Repairing Community: Faith-Based Responses to Racial Disparities and Conflict

2015 CONFERENCE

Repairing Community:
Faith-Based Responses to Racial Disparities and Conflict

African-descended communities across the globe are suffering effects of political, economic and social inequities whose consequences include alarming levels of disease, unemployment, incarceration, and systemic violence. What institutional, cultural, public policy, and faith-centered responses can be mobilized in response to this state of affairs?  The 2015 Transatlantic Roundtable on religion and race aims to focus on the role of faith based organisations, leaders, community activists and others in confronting key issues impacting groups where racial disparities and/ or racial/religious conflict are a key feature of community life.

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EBOLA AND THE PROBLEM OF (OUR) ISOLATION

We are isolating persons infected and affected by the Ebola crisis, but not along the lines the medical and public health sectors are promoting as a strategic response to the outbreak. Rather, Downloads4001America’s response to the recent Ebola outbreak throughout much of its deadly march across Liberia, Guinea and Sierra Leone has been largely one of “out of sight, out of mind.”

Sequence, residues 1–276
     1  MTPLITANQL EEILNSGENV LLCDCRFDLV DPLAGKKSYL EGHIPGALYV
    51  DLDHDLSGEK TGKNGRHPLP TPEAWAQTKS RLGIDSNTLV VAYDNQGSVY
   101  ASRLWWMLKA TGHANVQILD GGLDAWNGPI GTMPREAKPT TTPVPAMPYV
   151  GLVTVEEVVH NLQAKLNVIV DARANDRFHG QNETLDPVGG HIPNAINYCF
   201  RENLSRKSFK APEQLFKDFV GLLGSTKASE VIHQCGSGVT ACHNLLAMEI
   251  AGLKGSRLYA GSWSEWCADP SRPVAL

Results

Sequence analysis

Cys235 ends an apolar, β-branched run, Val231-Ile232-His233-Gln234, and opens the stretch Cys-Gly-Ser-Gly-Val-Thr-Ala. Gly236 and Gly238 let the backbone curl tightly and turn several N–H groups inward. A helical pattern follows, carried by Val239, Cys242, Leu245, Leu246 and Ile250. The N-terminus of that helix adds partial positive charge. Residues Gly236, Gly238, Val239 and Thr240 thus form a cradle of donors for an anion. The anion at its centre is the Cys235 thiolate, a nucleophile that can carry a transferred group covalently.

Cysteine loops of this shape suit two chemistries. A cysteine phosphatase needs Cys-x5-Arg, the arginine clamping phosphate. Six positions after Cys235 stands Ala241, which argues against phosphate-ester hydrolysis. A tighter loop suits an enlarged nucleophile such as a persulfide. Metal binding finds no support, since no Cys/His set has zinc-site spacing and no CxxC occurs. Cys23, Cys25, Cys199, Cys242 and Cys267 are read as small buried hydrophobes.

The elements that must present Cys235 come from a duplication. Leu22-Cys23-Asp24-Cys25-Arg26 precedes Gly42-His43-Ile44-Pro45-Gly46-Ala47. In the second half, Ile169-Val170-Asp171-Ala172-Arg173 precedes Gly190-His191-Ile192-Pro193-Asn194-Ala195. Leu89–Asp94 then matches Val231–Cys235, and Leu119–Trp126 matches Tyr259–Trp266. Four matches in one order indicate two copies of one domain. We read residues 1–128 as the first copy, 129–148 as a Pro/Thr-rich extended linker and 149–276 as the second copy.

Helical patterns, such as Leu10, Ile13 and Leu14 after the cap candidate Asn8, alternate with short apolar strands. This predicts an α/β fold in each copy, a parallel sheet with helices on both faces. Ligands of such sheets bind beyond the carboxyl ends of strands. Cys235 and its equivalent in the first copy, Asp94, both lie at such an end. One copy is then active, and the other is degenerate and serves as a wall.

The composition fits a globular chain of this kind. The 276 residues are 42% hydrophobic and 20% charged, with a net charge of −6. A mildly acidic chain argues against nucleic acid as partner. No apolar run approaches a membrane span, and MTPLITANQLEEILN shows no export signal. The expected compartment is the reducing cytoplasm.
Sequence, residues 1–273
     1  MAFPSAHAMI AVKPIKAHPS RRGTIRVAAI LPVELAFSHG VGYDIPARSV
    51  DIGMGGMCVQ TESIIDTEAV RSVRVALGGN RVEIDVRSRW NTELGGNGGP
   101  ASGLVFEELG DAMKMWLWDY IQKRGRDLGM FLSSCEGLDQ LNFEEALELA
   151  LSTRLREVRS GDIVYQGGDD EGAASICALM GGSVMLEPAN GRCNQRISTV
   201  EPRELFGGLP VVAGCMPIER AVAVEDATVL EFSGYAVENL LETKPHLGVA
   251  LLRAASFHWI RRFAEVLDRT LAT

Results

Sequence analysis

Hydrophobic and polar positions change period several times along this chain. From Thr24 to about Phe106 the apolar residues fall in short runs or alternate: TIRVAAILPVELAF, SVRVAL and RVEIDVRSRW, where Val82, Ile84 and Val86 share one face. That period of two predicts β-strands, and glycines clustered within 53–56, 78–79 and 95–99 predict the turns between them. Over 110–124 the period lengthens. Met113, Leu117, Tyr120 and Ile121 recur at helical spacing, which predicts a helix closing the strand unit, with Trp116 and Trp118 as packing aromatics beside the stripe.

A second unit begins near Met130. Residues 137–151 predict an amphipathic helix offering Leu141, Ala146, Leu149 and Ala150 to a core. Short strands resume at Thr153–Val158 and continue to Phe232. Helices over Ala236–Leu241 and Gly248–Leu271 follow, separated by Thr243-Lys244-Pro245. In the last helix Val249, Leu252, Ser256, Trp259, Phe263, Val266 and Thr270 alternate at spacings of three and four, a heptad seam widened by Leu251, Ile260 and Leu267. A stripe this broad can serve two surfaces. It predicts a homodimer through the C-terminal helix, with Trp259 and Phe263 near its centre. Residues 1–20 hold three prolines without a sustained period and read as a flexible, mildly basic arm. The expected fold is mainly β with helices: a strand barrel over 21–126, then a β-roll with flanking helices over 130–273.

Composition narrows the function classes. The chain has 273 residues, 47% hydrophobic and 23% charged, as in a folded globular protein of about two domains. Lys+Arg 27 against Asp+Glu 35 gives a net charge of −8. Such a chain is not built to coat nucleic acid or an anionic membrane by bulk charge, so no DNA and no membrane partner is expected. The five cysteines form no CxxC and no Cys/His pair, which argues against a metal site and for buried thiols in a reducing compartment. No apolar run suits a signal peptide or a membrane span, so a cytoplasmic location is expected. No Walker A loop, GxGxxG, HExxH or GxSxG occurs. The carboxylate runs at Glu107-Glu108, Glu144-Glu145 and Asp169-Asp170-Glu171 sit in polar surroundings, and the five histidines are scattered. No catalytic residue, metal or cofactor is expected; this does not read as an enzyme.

Though fairly visible to Americans through media sources, the Ebola crisis had not been seen or acknowledged by many of us in ways resulting in large-scale, systematic action.  Perhaps this can be traced to compassion fatigue or a general sense of helplessness in the face of so many tragedies occurring around the globe.

But American inattention to this crisis also stems from a long-standing isolationist emphasis within U.S. foreign policy and frequently within American culture in general, where too often we view problems beyond our borders as largely outside our realm of responsibility—unless of course those problems happen to jeopardize our political and economic interests abroad or our security here at home.  With the announcement on September 30 of a confirmed case of Ebola in Texas and with the death of that patient, Oct. 8, and the announcement of the infection of a nurse involved in the treatment of that patient, the crisis has now been brought dramatically closer to home. President Obama referred to Ebola in a September 25 U.N. speech as a regional security threat, but it grows clearer with each day that Ebola’s reach is decidedly more than regional.

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